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“That would require, for example, roughly a one-half increase in personal income tax revenue. On the other hand, if the change came entirely from spending … that would represent, for example, the near elimination of all government programs except for Social Security, Medicare, Medicaid and national defense,” he said.

The White House said CBO’s scenario doesn’t take into account some of Mr. Obama’s proposals, such as long-term cuts in spending resulting from the new health care law.

Still, Mr. Bixby, the deficit watchdog, said the size of the numbers CBO laid out to the commission shows the tough choices that await Congress. He said the solution will have to be a combination of revenue increases and changes to major programs such as Social Security and Medicare, which are growing at a faster rate than the economy as a whole.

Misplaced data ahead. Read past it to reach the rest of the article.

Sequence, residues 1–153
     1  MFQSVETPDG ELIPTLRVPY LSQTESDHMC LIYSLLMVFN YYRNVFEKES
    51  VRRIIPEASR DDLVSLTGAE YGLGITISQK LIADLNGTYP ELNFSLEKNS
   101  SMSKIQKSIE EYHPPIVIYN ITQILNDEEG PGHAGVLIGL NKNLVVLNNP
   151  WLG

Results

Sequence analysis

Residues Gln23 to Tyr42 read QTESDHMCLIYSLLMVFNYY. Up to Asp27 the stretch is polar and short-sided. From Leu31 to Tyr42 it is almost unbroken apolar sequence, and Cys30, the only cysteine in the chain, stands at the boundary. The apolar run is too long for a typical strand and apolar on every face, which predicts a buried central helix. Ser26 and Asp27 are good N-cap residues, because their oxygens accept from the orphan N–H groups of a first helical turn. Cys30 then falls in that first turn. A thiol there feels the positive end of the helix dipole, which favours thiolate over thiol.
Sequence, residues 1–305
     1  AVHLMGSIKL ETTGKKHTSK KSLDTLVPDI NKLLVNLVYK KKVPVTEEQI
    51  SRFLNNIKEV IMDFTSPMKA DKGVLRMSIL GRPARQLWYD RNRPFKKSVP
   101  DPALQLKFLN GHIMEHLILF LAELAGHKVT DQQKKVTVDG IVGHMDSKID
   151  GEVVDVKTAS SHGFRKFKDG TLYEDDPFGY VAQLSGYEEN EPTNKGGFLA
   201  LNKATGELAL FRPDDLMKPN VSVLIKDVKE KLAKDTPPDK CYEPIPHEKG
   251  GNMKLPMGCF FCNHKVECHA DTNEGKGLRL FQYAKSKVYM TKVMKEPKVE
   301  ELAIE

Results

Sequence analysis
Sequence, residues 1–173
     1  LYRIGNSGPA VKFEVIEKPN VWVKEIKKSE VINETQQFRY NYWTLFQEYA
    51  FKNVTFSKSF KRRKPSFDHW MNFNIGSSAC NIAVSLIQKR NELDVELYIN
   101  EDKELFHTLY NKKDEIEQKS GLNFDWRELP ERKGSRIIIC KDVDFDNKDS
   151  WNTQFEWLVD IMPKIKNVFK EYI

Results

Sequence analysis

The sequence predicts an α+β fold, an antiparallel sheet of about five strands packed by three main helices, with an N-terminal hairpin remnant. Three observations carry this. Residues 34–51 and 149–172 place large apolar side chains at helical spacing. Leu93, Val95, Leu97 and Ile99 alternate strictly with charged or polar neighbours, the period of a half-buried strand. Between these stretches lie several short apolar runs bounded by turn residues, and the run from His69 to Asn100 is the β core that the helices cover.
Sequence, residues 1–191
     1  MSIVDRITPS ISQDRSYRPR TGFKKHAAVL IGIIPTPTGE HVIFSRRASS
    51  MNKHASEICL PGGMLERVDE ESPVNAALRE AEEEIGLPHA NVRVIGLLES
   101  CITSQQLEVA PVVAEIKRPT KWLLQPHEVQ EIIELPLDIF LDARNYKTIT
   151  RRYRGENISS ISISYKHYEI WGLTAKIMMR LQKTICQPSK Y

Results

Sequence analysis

Total public debt includes two pots of money. One is normal government debt in the form of Treasury bills and bonds held by consumers, while the other is intragovernmental holdings, or money one part of the government borrows from another agency. That includes money borrowed from the Social Security trust funds.

Some analysts say the key measure is not the total public debt, but the debt in the hands of consumers. That figure stood at $8.628 trillion on Tuesday.